They got their future predictions badly wrong (and Lenin and later Stalin mangled them even more) but their basic insights into the operations of capitalism seem quite sound.

In this reading, capitalism sees agricultural land simply as a resource to supply food that can be sold at a profit to feed the industrial (and now business and IT) workers, who operate the systems and produce the goods that generate more profit.

Rural and agricultural areas, in consequence, become treated like any other third-world country ("shithole countries," as some American politicians have called them), ruled over by corrupt colonial administrators and governors who run them for the benefit of the colonialists and exploit them any way they can, while trying to keep the rural proletariat in line by fomenting intercommunal hostility and by congratulating the favoured group on how much better they are than their despised rivals.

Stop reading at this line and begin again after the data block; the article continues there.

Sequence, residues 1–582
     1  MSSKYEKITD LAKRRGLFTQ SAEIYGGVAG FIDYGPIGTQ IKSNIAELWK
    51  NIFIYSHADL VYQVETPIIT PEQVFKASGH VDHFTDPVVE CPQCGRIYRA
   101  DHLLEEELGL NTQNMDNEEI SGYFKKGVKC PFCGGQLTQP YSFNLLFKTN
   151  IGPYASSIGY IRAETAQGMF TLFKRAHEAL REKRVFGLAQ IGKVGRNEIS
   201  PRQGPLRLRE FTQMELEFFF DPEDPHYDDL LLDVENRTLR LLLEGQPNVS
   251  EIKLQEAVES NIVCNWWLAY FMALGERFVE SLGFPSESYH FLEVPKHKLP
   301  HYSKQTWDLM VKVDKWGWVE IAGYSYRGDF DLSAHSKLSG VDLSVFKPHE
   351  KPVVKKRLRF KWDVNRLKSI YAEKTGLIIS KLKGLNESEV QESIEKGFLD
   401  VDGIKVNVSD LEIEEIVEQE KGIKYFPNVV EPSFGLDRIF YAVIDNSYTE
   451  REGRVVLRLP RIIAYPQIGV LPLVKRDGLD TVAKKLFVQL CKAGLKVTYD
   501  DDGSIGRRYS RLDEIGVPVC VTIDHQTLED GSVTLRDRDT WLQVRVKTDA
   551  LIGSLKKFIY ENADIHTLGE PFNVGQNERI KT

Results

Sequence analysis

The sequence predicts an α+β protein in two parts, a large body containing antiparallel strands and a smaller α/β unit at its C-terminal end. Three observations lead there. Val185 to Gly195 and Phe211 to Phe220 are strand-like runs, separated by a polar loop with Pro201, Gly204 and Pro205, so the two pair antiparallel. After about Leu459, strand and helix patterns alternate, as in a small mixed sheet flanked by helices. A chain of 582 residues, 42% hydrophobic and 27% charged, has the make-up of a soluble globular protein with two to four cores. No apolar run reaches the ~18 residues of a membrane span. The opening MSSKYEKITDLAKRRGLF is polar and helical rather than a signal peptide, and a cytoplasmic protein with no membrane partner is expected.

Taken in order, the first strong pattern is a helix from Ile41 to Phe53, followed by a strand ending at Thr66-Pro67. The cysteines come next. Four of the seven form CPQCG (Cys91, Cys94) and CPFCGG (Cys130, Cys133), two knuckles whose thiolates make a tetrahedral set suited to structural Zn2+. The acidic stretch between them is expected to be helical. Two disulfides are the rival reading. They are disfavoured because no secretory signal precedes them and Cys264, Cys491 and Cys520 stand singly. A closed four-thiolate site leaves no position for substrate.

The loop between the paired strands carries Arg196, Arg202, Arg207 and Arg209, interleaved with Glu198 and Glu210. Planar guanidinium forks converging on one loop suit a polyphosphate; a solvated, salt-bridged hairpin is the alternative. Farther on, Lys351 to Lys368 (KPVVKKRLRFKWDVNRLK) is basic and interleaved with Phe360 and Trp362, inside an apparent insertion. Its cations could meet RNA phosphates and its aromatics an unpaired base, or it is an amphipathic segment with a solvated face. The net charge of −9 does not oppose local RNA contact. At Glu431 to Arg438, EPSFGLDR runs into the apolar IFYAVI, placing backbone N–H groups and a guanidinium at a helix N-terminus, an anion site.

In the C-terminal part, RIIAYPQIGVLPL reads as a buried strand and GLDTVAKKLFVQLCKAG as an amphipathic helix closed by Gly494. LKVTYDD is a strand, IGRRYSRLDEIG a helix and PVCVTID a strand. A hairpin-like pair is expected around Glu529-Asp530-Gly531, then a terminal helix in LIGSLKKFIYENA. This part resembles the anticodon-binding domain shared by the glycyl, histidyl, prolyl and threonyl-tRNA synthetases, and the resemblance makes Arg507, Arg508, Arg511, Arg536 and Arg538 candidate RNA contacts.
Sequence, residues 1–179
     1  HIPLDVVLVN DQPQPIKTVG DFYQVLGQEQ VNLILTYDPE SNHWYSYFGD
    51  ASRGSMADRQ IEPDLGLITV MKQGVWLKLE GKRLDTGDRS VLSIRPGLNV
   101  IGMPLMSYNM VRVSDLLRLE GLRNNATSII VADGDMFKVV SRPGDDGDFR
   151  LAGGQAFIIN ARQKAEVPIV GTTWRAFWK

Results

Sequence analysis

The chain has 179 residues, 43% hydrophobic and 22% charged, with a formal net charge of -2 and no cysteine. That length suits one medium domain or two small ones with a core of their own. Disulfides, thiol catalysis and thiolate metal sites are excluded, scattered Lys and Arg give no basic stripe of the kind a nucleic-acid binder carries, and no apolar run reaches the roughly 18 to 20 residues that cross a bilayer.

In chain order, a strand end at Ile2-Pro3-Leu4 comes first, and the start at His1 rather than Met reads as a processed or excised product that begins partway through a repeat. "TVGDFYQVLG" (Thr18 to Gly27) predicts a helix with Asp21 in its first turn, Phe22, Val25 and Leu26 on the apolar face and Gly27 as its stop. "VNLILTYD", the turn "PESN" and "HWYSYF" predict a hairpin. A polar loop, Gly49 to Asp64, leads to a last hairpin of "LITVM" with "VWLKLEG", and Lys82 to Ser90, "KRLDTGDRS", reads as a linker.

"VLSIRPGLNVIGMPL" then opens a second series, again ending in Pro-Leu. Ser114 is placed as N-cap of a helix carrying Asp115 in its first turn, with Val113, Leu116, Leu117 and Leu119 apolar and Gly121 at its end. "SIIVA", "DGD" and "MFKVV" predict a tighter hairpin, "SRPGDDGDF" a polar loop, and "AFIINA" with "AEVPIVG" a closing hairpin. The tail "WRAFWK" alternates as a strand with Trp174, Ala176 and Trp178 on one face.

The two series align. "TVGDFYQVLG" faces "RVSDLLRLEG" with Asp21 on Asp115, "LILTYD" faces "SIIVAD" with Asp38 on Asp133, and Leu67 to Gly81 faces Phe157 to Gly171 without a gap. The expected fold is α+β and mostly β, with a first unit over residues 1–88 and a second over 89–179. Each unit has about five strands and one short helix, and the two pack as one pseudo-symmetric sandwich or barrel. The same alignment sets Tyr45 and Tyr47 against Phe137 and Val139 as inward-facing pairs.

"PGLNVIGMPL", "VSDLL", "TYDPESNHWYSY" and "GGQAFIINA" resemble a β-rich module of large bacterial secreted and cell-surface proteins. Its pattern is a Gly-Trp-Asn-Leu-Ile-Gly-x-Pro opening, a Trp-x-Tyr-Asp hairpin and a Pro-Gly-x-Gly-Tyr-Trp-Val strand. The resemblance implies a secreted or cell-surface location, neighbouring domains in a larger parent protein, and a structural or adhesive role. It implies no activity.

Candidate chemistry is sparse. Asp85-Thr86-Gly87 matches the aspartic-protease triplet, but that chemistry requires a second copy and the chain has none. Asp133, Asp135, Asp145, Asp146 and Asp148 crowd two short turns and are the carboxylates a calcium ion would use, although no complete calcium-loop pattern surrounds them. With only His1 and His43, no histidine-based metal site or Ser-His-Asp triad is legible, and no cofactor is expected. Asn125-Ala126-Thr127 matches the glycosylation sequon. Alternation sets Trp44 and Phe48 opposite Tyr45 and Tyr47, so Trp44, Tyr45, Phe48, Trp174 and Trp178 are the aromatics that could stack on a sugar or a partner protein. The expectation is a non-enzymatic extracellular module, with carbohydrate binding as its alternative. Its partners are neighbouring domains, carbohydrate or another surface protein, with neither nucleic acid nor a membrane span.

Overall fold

I've recently been reading a fascinating book by the historian Mark Mazower, Hitler's Empire: How the Nazis Ruled Europe. Hitler's determination to bring up the living standards of Germans to something similar to those enjoyed by Americans is well-known, as is the debt the Nazis owed to American eugenicists and the legislators who had provided model legislation to prevent from having any offspring (or, indeed sexual relationships at all) those whom they considered unworthy of reproducing themselves.

What's perhaps less well-known is that he saw Poland, Ukraine and Russia west of the Urals as unclaimed fertile land, ripe to be cleared to the indigenous inhabitants by genocide or neglect, and given to German pioneers to farm on their own homesteads, possibly with the assistance of some Ukrainian or Polish slaves, and the remaining Russians and Ukrainians kept confined to their own reservations or confined to Siberia and Russia east of the Ural mountains.